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Replication (statistics)

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Title: Replication (statistics)  
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Subject: Optimal design, Generalized randomized block design, Completely randomized design, Experiment, Restricted randomization
Collection: Design of Experiments, Sampling (Statistics)
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Replication (statistics)

In engineering, science, and statistics, replication is the repetition of an experimental condition so that the variability associated with the phenomenon can be estimated. ASTM, in standard E1847, defines replication as "the repetition of the set of all the treatment combinations to be compared in an experiment. Each of the repetitions is called a replicate."

Replication is not the same as repeated measurements of the same item: they are dealt with differently in statistical experimental design and data analysis.

For proper sampling, a process or batch of products should be in reasonable statistical control; inherent random variation is present but variation due to assignable (special) causes is not. Evaluation or testing of a single item does not allow for item-to-item variation and may not represent the batch or process. Replication is needed to account for this variation among items and treatments.

Example

As an example, consider a continuous process which produces items. Batches of items are then processed or treated. Finally, tests or measurements are conducted. Several options might be available to obtain ten test values. Some possibilities are:

  • One finished and treated item might be measured repeatedly to obtain ten test results. Only one item was measured so there is no replication. The repeated measurements help identify observational error.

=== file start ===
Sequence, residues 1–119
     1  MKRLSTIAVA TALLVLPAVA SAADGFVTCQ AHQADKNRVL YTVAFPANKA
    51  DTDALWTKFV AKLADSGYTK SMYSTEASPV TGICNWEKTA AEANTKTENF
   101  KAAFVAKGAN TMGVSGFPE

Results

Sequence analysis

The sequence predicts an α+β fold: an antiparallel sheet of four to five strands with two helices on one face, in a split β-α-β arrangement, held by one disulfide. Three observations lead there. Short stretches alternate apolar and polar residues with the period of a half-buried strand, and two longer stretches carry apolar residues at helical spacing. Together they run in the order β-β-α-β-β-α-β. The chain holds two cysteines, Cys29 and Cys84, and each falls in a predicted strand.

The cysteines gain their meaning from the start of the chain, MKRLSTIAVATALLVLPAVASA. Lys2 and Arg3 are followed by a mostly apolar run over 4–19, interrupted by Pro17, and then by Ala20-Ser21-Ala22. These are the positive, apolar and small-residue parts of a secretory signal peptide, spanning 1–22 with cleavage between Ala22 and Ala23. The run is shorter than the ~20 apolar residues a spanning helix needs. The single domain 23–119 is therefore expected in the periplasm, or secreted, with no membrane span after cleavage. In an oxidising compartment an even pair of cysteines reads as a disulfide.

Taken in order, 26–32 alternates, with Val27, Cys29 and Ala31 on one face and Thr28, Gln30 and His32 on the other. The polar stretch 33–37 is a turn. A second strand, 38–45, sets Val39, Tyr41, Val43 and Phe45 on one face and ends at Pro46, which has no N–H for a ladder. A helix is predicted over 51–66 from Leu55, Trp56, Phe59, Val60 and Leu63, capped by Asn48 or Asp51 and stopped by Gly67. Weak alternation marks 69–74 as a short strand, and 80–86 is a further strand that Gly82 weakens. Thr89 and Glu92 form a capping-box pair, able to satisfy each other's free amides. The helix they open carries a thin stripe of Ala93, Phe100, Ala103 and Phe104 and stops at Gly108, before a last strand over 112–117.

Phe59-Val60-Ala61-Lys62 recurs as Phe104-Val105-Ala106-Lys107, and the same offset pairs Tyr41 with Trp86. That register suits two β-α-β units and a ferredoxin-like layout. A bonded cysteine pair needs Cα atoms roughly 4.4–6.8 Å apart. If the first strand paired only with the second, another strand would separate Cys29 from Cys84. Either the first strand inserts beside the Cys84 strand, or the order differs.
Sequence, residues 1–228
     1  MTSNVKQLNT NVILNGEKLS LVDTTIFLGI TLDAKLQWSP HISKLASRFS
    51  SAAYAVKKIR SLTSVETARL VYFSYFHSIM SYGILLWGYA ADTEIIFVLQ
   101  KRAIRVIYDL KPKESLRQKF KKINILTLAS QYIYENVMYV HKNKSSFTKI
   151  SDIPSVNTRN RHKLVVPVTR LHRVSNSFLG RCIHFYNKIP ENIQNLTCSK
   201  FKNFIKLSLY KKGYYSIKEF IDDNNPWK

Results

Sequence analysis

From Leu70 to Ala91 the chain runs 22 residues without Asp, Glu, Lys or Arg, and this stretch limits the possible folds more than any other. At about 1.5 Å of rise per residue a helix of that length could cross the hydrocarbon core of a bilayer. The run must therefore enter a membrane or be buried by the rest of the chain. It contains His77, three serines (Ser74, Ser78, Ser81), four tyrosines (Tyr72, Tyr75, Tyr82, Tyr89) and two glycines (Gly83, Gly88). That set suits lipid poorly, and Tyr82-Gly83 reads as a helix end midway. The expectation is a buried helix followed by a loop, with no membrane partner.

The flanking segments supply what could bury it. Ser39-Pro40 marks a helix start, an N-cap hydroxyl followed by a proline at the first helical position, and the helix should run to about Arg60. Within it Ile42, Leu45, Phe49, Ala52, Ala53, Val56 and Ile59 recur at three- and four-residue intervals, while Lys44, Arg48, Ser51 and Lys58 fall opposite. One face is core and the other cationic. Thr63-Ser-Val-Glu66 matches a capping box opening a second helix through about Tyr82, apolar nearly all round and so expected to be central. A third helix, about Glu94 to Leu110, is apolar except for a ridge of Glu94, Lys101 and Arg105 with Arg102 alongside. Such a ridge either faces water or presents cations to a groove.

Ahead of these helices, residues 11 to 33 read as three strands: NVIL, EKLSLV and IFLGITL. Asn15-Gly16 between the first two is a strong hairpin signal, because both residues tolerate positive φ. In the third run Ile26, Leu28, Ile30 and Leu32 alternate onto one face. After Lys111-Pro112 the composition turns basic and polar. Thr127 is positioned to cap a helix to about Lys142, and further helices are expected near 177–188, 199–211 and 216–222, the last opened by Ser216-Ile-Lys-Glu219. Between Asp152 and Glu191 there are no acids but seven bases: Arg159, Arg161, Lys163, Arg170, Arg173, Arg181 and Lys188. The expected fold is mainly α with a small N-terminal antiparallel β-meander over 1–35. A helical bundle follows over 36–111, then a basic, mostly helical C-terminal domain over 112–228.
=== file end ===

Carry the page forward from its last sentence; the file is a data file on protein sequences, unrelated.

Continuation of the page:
• Ten finished and treated items might be taken from a batch and each measured once. This is not full replication because the ten samples are not random and not representative of the continuous nor batch processing.
  • Five items are taken from the continuous process based on sound statistical sampling. These are processed in a batch and tested twice each. This includes replication of initial samples but does not allow for batch-to-batch variation in processing. The repeated tests on each provide some measure and control of testing error.
  • Five items are taken from the continuous process based on sound statistical sampling. These are processed in five different batches and tested twice each. This plan includes proper replication of initial samples and also includes batch-to-batch variation. The repeated tests on each provide some measure and control of testing error.

Each option would call for different data analysis methods and yield different conclusions.

See also

Bibliography

  • ASTM E122-07 Standard Practice for Calculating Sample Size to Estimate, With Specified Precision, the Average for a Characteristic of a Lot or Process
  • "Engineering Statistics Handbook", NIST/SEMATEK
  • Pyzdek, T, "Quality Engineering Handbook", 2003, ISBN 0-8247-4614-7.
  • Godfrey, A. B., "Juran's Quality Handbook", 1999, ISBN 9780070340039.
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